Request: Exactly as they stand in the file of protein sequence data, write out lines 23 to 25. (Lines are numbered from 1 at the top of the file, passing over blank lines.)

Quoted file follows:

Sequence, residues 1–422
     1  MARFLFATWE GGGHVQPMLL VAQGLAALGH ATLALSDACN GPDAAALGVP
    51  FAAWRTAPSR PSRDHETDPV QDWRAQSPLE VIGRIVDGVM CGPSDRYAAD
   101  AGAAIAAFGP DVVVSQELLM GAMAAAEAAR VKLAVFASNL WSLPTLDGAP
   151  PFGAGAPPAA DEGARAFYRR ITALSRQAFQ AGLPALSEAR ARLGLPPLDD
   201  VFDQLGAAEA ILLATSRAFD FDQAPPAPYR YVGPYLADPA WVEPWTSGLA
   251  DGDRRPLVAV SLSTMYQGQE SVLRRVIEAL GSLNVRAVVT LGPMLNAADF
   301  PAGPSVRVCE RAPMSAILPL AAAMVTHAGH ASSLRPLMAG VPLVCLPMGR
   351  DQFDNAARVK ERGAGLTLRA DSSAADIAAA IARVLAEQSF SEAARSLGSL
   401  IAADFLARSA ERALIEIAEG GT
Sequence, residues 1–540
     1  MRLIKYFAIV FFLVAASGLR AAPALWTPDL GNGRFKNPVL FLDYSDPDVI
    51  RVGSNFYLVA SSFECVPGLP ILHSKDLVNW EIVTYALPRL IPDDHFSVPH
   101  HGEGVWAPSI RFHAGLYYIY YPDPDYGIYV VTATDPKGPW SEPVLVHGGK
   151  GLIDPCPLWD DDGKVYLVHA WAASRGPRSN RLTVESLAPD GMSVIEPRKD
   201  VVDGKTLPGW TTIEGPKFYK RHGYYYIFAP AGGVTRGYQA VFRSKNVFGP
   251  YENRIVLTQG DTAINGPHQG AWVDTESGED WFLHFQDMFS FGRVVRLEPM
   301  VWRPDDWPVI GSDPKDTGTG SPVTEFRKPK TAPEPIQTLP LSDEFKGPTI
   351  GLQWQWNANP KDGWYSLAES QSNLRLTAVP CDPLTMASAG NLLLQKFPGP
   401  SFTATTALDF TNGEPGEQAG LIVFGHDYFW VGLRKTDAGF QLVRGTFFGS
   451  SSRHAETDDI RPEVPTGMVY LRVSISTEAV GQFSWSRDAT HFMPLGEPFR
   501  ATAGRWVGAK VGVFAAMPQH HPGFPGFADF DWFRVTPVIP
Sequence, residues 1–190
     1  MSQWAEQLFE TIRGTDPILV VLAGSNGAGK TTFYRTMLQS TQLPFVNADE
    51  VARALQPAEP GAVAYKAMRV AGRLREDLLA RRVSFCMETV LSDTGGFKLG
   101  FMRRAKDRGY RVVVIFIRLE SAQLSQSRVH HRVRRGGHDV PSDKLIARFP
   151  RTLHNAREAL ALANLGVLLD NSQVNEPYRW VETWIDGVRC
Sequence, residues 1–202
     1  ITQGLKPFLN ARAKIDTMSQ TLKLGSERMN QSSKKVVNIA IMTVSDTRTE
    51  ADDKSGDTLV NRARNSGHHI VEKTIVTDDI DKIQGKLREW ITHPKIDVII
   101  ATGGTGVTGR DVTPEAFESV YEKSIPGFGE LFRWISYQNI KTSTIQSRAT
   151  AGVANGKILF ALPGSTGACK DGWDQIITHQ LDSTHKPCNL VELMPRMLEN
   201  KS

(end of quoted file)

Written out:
Sequence, residues 1–190
     1  MSQWAEQLFE TIRGTDPILV VLAGSNGAGK TTFYRTMLQS TQLPFVNADE
    51  VARALQPAEP GAVAYKAMRV AGRLREDLLA RRVSFCMETV LSDTGGFKLG